Investigators have located the cockpit-voice recorder belonging to the China Eastern Boeing 737-800 that crashed in central China. 

The revelation – disclosed at a daily press conference organised by the Civil Aviation Administration of China (CAAC) – comes more than 48h since the incident, one of China’s worst air disasters in more than a decade.

Screen Shot 2022-03-23 at 6.04.32 PM

Source: Screengrab via CCTV

In this screengrab from state broadcaster CCTV, investigators have uncovered one of the two flight recorders of the doomed China Eastern Boeing 737-800

The CAAC notes that the recovered device has suffered “severe damage” and will be sent to Beijing to have its data downloaded and analysed. 

“The download and decoding…takes time and may take longer if the internal storage unit is damaged”, the agency adds. 

Work to locate the flight data recorder – the second of the aircraft’s two flight recorders – is ongoing. 

On 21 March, the aircraft (B-1791) was operating service MU5735 from Kunming to Guangzhou when it crashed over 1h after departure. The twinjet was carrying 123 passengers and nine crew members.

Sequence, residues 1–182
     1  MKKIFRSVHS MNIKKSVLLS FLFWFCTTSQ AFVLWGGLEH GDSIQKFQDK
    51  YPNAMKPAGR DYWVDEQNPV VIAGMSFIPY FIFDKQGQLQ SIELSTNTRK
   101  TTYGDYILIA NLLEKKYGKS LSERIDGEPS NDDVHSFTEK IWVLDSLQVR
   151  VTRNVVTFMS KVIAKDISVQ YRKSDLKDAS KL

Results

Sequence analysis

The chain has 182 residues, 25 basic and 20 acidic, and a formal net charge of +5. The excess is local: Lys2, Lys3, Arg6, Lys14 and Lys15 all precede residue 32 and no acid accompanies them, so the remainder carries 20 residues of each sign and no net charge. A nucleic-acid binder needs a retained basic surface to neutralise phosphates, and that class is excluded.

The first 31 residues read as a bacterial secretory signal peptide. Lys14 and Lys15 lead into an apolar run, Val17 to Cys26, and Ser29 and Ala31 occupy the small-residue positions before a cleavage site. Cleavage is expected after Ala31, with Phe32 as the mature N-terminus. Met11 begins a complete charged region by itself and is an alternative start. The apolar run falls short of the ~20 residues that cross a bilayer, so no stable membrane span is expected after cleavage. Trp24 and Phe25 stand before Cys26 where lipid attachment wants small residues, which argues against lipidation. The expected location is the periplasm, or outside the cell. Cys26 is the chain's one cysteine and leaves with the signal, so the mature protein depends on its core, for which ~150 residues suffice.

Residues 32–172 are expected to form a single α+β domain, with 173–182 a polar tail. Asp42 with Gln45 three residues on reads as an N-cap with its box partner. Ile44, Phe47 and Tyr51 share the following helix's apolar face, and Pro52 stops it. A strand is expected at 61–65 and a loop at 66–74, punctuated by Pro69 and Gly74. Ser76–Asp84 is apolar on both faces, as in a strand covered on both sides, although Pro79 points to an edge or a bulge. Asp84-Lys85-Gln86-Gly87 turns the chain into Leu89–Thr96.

The aircraft was flying at an altitude of around 30,000ft when it plunged abruptly to ground level.

At the press conference, the CAAC says the flightcrew had been in communication with air traffic control, until moments before the crash. However, no responses were received from the crew for 3min before the aircraft’s radar signal ws lost.

Officials add that weather conditions en route and at the time of crash were benign.

They stress that the aircraft – delivered to China Eastern in June 2015 – was certified airworthy before the crash and that maintenance “has been implemented strictly in accordance to maintenance plans”.

China Eastern says the 737’s captain, who joined the airline in 2018, had accumulated more than 6,700 flying hours; the three flightcrew were “in good health”, with no performance issues raised.

China Eastern 737-800

Source: Wikimedia Commons

China Eastern operates more than 100 737-800s.

The SkyTeam carrier, which has grounded its entire fleet of over 100 737-800s, adds that its existing operations will not be affected by the crash.

It notes that its decision to ground the 737-800s “does not mean that the [type] will inevitably have potential safety hazards”, but that it did so as “an emergency response and responsible move” for passengers.

Following the crash, the CAAC has implemented a two-week safety probe across the country’s aviation sector. Its scope will include the implementation of regulations and standards, safety management, and safety responsibility.

Story updated with additional information from CAAC.